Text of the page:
],
      development: [
        // ...my persisted services in development
      ],
      test: [] // all services will be ephemeral on test
    }),
    tasks: on.env({
      default: {
        // ...my default tasks
      },
      development: {
        // ...my development tasks
      },
      test: {
        // ...my test tasks
      }
    }),
    compose: {
      version: '3.4',
      services: {
        // ...my services
      }
    }
  })
);

Example

This example uses slimconf to manage environment-dependent configuration.

poseup.config.js:

const { default: slim, fallback, merge } = require('slimconf');

module.exports = slim(
  { env: [process.env.NODE_ENV, fallback('development', ['test']) },
  // We're merging the defaults with the environment-dependent configuration
  (on, { env }) => on.env(merge, {
    /* Defaults */
    defaults: {
      log: 'info',
      project: `my-project-${env}`,
      compose: {
        version: '3.4',
        services: {
          app: {
            image: 'node:8-alpine',
            depends_on: ['db'],
            networks: ['backend'],
            environment: {
              NODE_ENV: env,
              DB_URL: `postgres://postgres:pass@db:5432/testdb`
            },
            volumes: [{ type: 'bind', source: './', target: '/usr/src/app' }]
          },
          db: {
            image: 'postgres:11-alpine',
            networks: ['backend'],
            environment: { POSTGRES_PASSWORD: 'pass' }
          }
        },
        networks: { backend: {} },
        volumes: {}
      }
    },
    /* Development environment */
    development: {
      // We'll persist the database on development (won't be removed on poseup clean)
      persist: ['db'],
      tasks: {
        // This will run "node index.js" locally after "db" is up.
        // We'd run it with: poseup run local
        local: {
          services: ['db'],
          cmd: ['/bin/sh', '-c'].concat('cd /usr/src/app && node index.js')
        },
        // This will run "node index.js" in a docker container ("app").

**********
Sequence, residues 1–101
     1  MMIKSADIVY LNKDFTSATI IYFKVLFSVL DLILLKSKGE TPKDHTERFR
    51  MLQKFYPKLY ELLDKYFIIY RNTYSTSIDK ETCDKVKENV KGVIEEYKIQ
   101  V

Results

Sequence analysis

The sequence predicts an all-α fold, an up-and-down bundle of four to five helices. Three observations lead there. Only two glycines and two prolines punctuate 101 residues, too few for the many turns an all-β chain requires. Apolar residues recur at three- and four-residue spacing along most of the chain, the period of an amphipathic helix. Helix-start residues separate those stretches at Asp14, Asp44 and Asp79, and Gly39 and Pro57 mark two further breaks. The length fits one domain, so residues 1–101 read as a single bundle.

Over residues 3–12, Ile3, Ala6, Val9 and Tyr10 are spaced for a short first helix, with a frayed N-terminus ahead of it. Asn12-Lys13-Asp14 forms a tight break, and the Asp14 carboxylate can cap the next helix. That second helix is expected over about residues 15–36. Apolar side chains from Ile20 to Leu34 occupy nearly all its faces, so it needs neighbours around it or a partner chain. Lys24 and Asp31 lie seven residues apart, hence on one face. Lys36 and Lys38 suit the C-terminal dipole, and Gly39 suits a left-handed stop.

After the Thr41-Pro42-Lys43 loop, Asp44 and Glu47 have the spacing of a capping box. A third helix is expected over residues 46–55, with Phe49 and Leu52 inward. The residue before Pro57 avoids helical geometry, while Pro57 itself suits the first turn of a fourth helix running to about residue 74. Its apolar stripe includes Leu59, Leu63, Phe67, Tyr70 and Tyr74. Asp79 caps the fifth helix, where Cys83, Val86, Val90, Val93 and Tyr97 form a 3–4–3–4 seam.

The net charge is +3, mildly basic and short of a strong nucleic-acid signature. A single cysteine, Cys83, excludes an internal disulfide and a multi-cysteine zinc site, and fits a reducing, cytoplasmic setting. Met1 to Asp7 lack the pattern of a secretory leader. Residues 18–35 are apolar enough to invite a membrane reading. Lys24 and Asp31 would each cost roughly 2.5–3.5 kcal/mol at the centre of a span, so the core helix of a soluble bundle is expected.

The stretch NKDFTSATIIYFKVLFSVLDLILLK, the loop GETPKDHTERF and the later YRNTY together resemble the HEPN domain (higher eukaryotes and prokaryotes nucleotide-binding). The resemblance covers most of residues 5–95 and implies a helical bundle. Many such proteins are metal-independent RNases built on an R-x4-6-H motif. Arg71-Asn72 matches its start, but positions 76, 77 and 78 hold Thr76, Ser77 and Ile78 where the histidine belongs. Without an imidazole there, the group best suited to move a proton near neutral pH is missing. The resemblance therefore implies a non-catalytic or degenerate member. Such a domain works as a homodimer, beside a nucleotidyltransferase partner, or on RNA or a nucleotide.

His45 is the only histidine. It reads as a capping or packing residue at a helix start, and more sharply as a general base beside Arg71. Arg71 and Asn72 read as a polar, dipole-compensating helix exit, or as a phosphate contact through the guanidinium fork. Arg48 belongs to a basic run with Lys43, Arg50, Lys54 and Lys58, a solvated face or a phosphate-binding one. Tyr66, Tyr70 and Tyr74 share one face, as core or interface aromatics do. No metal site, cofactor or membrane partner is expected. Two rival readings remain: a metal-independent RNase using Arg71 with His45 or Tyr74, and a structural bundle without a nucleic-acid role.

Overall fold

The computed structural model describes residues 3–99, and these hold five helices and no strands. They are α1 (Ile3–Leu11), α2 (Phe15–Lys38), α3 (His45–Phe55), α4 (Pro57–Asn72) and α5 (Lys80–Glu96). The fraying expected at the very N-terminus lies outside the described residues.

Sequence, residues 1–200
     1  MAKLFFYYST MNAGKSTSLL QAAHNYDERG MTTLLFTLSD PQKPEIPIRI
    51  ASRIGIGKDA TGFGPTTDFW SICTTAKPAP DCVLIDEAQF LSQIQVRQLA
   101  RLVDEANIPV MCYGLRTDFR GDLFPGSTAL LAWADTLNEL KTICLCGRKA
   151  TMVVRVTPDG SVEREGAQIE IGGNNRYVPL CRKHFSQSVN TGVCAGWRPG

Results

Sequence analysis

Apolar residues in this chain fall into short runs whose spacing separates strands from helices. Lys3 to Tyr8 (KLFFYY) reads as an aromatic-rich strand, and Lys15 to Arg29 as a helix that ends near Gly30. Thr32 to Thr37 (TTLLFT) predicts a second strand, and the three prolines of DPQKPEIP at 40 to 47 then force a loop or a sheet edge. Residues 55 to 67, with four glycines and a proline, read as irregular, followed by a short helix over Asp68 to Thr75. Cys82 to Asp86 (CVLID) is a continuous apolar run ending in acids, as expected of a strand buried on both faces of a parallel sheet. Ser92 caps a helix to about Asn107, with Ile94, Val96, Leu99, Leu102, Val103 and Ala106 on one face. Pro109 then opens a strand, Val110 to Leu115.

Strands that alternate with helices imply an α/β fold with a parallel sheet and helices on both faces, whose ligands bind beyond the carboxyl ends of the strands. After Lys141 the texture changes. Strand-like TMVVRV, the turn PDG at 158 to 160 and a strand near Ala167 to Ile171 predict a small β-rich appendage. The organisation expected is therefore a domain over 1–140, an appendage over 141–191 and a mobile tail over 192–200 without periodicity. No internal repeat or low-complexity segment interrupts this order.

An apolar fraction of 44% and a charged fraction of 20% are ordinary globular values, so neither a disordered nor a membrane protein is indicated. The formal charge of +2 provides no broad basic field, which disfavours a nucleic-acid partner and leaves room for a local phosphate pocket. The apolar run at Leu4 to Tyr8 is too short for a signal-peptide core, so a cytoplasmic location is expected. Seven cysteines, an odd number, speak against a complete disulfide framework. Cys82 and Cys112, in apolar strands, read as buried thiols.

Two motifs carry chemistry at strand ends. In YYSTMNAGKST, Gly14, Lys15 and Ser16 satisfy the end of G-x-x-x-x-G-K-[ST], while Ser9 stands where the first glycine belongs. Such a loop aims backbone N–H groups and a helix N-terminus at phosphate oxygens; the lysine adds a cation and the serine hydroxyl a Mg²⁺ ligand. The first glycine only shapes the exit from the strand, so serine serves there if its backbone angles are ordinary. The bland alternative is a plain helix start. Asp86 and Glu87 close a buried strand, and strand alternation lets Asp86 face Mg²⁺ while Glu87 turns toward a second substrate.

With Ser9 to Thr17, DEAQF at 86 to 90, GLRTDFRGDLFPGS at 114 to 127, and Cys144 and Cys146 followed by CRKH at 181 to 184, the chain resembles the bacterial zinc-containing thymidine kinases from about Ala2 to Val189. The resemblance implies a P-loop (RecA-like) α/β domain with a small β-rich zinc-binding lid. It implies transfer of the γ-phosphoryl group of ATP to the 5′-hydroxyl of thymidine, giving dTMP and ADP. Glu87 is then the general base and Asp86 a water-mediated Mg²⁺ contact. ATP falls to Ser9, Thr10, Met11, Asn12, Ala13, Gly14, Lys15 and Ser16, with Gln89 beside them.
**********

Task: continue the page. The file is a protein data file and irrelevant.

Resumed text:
// Since app already depends on "db", we don't need to define it.
        // We'd run it with: poseup run docker
        docker: {
          primary: 'app',
          cmd: ['/bin/sh', '-c'].concat('cd /usr/src/app && node index.js')
        },
        // This will just setup the database for usage on development.
        // As we are persisting the container, it's a one-off task.
        bootstrap: {
          services: ['db'],
          exec: {
            db: 'psql -U postgres -c'
              .split(' ')
              .concat('CREATE DATABASE testdb;')
          }
        }
      },
      compose: {
        // We'll also expose ports
        services: {
          app: { ports: ['3000:3000'] },
          db: { ports: ['5432:5432'] }
        }
      }
    },
    /* Test environment */
    test: {
      tasks: {
        // We'd run it with: poseup run -e test jest
        jest: {
          primary: 'app',
          cmd: ['/bin/sh', '-c'].concat('cd /usr/src/app && npx jest'),
          // Create database before running tests
          exec: {
            db: 'psql -U postgres -c'
              .split(' ')
              .concat('CREATE DATABASE testdb;')
          }
        }
      }
    }
  })
);

Programmatic Usage

See docs.

poseup exports compose, run, clean, and purge, which are called by the equally named CLI commands.

However, when running poseup on the CLI, the program will also listen to termination events through exits and run cleanup tasks either at end of execution or termination signals. In order to handle these cleanup tasks, you have two options:

  • Call attach before any of the command functions. This will produce identical behavior to that of the CLI.
  • Call teardown after running any of the command functions to manually initialize the run of cleanup tasks.